Useless Thoughts Running Through My Head

various musings of a generation x kad

UU guilt strikes again

Posted by thoughtful1 on April 6, 2007

Going through my Hotmail mail, I don’t bother reading social justice notices from the ACLU, Common Cause, or the folks trying to save people in Darfur, but I do read the occasional Friendster update. Does that make me shallow? I don’t think I’m shallow. But I am overwhelmed. I know the world needs saving, and I know the Good Fight must be fought, but when it’s 9:25 PM on a Tuesday and I am tired and my house needs cleaning and I’m just checking e-mail and I cannot deal with Darfur.

But it makes my heart ache.

Yet isn’t it unreasonable for me to think that I can do much about it? Should I quit my day job, run the risk of foreclosure, and go to a refugee camp to help those who have left Darfur? Should I devote all my free time to nagging our government to do something? After all, what can I do?

I can send a letter. I can go to SaveDafur.org and fill out the form that will send an e-mail to President Bush. That is certainly something I can do. That is certainly something just about anyone reading this blog can do.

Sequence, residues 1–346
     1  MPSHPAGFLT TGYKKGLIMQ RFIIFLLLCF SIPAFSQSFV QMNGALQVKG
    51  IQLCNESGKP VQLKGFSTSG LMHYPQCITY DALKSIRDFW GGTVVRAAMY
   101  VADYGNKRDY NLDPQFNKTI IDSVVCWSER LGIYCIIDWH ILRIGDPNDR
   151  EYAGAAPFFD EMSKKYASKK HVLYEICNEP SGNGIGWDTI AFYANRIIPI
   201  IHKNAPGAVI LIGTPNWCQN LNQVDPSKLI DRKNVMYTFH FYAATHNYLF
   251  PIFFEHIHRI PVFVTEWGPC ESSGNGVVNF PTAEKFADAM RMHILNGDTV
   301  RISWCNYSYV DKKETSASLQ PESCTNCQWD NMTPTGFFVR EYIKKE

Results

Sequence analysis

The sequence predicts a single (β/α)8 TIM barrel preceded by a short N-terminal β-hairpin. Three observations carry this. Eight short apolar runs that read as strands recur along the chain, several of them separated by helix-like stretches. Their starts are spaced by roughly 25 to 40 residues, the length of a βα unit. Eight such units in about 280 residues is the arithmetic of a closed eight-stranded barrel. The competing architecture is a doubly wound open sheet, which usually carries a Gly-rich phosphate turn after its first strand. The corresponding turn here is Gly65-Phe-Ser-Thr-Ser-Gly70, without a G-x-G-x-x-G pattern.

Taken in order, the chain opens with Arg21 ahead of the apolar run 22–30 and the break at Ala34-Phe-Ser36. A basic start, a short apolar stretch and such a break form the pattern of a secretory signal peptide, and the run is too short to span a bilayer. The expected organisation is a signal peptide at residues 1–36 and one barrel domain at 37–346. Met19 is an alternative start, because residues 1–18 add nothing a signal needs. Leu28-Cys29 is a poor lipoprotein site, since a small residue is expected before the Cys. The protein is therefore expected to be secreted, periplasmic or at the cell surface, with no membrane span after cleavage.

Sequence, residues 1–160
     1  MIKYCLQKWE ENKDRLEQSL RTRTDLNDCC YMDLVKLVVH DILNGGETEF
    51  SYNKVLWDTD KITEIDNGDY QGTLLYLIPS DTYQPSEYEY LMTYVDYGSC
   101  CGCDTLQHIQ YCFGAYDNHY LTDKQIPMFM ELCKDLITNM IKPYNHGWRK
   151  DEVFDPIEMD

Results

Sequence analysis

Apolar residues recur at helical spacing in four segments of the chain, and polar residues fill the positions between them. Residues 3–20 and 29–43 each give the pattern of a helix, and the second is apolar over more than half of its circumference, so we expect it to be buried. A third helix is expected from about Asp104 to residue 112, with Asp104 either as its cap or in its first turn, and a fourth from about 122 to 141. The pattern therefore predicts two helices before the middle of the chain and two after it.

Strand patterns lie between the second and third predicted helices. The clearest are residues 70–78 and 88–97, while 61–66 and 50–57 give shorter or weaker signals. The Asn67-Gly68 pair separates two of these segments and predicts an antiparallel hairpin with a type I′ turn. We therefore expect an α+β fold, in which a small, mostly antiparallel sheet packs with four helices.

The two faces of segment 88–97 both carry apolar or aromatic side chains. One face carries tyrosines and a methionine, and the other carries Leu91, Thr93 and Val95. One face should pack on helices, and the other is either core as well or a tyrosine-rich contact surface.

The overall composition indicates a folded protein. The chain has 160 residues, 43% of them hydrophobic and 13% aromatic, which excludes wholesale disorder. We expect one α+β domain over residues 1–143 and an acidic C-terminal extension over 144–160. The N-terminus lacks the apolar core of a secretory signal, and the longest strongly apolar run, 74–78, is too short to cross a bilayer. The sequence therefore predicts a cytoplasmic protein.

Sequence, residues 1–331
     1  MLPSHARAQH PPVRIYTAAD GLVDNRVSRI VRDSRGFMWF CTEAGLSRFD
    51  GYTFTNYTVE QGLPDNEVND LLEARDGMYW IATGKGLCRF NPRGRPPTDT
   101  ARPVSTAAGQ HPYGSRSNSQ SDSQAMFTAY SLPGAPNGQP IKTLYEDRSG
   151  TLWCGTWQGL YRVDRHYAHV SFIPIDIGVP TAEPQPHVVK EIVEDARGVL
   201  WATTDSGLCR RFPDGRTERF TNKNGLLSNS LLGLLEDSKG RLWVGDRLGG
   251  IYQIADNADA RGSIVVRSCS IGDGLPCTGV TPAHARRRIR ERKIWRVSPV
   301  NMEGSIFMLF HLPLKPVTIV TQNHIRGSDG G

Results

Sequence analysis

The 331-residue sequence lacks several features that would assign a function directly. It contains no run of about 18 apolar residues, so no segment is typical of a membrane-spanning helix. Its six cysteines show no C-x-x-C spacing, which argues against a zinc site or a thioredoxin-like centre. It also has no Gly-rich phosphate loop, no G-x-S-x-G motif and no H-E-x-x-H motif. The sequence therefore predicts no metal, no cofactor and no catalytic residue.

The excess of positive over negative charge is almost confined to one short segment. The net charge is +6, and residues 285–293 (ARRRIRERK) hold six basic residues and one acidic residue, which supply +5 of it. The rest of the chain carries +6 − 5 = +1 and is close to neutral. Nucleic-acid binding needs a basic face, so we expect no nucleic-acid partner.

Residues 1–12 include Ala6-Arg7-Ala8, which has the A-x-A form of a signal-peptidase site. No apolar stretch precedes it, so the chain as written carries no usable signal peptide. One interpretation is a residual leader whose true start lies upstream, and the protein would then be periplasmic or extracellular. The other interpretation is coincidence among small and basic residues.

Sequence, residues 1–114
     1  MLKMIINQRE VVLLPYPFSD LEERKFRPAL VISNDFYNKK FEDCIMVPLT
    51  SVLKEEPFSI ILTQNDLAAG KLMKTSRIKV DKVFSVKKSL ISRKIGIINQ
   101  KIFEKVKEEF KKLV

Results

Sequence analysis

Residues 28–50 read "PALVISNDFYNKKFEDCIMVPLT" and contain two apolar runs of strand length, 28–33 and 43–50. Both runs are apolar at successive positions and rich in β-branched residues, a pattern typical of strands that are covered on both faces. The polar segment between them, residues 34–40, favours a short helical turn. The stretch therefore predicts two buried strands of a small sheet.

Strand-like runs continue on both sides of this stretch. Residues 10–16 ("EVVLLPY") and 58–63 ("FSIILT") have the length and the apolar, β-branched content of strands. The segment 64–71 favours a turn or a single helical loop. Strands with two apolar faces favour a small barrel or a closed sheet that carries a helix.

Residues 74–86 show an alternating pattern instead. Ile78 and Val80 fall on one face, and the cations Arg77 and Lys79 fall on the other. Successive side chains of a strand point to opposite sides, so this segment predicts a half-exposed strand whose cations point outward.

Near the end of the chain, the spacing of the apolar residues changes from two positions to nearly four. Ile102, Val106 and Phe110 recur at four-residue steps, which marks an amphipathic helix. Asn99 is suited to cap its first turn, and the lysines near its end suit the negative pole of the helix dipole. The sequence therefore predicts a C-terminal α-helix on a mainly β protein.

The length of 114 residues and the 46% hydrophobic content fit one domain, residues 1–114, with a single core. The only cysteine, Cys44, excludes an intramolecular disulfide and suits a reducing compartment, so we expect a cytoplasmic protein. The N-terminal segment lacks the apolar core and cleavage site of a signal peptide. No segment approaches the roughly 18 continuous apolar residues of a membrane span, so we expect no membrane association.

Doing that one small thing – sending an e-mail to President Bush – may make a difference. You cannot create a mountain of e-mail and letters without sending an e-mail or a letter. But it still doesn’t alleviate the guilt I feel when I ignore pleas for action and aid. I still feel a pang of guilt when I recycle the umpteenth snail mail request from the NPR station I listen to, or the solicitation from Doctors Without Borders, or Habitat for Humanity. But what else would I do, when I’ve already given? Or I don’t have the money this month to make a donation? There is only so much one person can do.

I think it is my perfectionism playing a guilt trip on me. That, and the weight of the Unitarian Universalist tradition of social action bearing down on me. The feeling that I should be doing more. The feeling that I should be doing more, and shame on me for not doing more.

But we can’t all be rabble rousing activists. Someone has to keep roads clean, the trains running, the lights on. Someone has to tend to the tasks that keep the world running, right?

So, I need to remind myself of this quote by Edward Everett Hale:

I am only one, but still I am one.
I cannot do everything, but still I can do something.
And because I cannot do everything, I will not refuse to do the something that I can do.

I cannot do everything, so I should stop thinking I can do everything. But I can do my small bits – write a letter, make a donation. That I can do, and I will.

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